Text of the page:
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Himalaya Border Disputes Between India And China

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#1 Panzermann

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Posted 17 July 2017 - 1313 PM

In the history section we have a topic on the Sino-Indian War Of 1962 and recently the disputes have flared up again with China moving into the territories and buildng roads:

 

 

 

http://www.theguardi...puted-territory

 

India sent in soldiers in support of Bhutan and they met chinese:

 

 

 

PRC claims the area is part of Tibet and thus since ancient times part of China:

 

Q: China refers to the area where the standoff took place as "Doklam". Some reports say that Doklam is part of the territorial disputes between China and Bhutan. Can you make clarification on that?

A: Doklam has been a part of China since ancient times. It does not belong to Bhutan, still less India. That is an indisputable fact supported by historical and jurisprudential evidence, and the ground situation. It is utterly unjustifiable if the Indian side wants to make an issue of it.

China's construction of road in Doklam is an act of sovereignty on its own territory. It is completely justified and lawful, and others have no right to interfere. I would like to stress once again that Bhutan is a world-recognized, independent sovereign state. We hope that all countries can respect Bhutan's sovereignty. Although the boundary between China and Bhutan is yet to be demarcated, the two sides have been working on that through peaceful negotiation. Any third party must not and does not have the right to interfere, still less make irresponsible moves or remarks that violate the fact.

 

Q: You said that you hope other countries can respect Bhutan's sovereignty. Are you trying to say that India is meddling with China's activities on behalf of Bhutan?

A: We can only tell whether India has interfered in Bhutan's internal affairs based on what India has said and done. As I said, although the boundary between China and Bhutan is yet to be demarcated, the two sides have been communicating over it in a friendly way. If any third party wants to interfere out of its own interests, then it shows no respect for Bhutan's sovereignty. That is what we do not want to see, given that Bhutan is a world-recognized country with full sovereignty.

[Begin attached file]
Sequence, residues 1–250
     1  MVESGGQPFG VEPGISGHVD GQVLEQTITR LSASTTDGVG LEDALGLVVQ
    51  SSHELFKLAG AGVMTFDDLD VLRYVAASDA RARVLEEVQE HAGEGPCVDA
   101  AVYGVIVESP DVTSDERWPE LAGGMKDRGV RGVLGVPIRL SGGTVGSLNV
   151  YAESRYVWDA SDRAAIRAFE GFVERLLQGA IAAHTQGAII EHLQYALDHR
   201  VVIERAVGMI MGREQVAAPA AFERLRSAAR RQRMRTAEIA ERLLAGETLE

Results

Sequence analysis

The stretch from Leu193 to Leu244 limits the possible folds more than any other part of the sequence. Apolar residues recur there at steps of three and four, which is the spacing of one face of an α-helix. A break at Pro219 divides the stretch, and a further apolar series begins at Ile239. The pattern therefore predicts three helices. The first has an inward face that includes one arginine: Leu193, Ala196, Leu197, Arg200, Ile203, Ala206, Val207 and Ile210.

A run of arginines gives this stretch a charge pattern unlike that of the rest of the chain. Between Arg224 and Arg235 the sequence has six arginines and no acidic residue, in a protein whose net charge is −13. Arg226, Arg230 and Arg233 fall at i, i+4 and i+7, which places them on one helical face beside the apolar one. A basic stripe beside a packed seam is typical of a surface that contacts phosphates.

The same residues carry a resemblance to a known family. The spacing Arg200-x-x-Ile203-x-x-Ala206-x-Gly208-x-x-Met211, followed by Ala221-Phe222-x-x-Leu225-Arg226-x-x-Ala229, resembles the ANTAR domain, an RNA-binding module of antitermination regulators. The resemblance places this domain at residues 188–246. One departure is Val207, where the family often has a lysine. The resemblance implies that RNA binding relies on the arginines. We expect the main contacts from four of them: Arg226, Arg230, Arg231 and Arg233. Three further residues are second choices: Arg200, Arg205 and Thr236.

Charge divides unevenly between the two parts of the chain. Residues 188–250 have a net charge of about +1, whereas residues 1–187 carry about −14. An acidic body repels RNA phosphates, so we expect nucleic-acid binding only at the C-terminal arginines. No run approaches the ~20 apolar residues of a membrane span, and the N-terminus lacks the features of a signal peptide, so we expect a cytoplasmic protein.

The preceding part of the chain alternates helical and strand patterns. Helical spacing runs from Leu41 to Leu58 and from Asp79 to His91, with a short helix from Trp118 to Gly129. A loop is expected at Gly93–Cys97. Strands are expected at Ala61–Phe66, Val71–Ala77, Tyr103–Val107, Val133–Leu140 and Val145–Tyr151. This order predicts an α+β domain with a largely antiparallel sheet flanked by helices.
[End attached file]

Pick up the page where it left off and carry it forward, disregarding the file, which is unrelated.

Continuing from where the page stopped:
from: http://www.fmprc.gov.../t1473905.shtml

 

 

 

The Kingdom of Bhutan is not amused:

 

 

Press Release

June 29, 2017

In view of the many queries raised recently in the media regarding the Bhutan – China boundary in the Doklam area the Ministry of Foreign Affairs would like to convey the following:

On 16th June 2017, the Chinese Army started constructing a motorable road from Dokola in the Doklam area towards the Bhutan Army camp at Zompelri. Boundary talks are ongoing between Bhutan and China and we have written agreements of 1988 and 1998 stating that the two sides agree to maintain peace and tranquility in their border areas pending a final settlement on the boundary question, and to maintain status quo on the boundary as before March 1959. The agreements also state that the two sides will refrain from taking unilateral action, or use of force, to change the status quo of the boundary.

Bhutan has conveyed to the Chinese side, both on the ground and through the diplomatic channel, that the construction of the road inside Bhutanese territory is a direct violation of the agreements and affects the process of demarcating the boundary between our two countries. Bhutan hopes that the status quo in the Doklam area will be maintained as before 16 June 2017.

 

 

http://www.mfa.gov.b...elease-272.html

 

Indian press release: http://www.mea.gov.i..._in_Doklam_Area

 

 

Recent Developments in Doklam Area

June 30, 2017

The Chinese Ministry of Foreign Affairs made a statement on 26 June 2017 alleging that Indian border troops crossed the boundary line in the Sikkim sector of the China-India boundary and entered Chinese territory. This has been reiterated since then in other Chinese official briefings.

  • The facts of the matter are as follows:
    i.On 16 June, a PLA construction party entered the Doklam area and attempted to construct a road. It is our understanding that a Royal Bhutan Army patrol attempted to dissuade them from this unilateral activity. The Ambassador of the Royal Government of Bhutan (RGOB) has publicly stated that it lodged a protest with the Chinese Government through their Embassy in New Delhi on 20 June.

    ii.Yesterday, the Foreign Ministry of Bhutan has also issued a statement underlining that the construction of the road inside Bhutanese territory is a direct violation of the 1988 and 1998 agreements between Bhutan and China and affects the process of demarcating the boundary between these two countries. They have urged a return to the status quo as before 16 June 2017.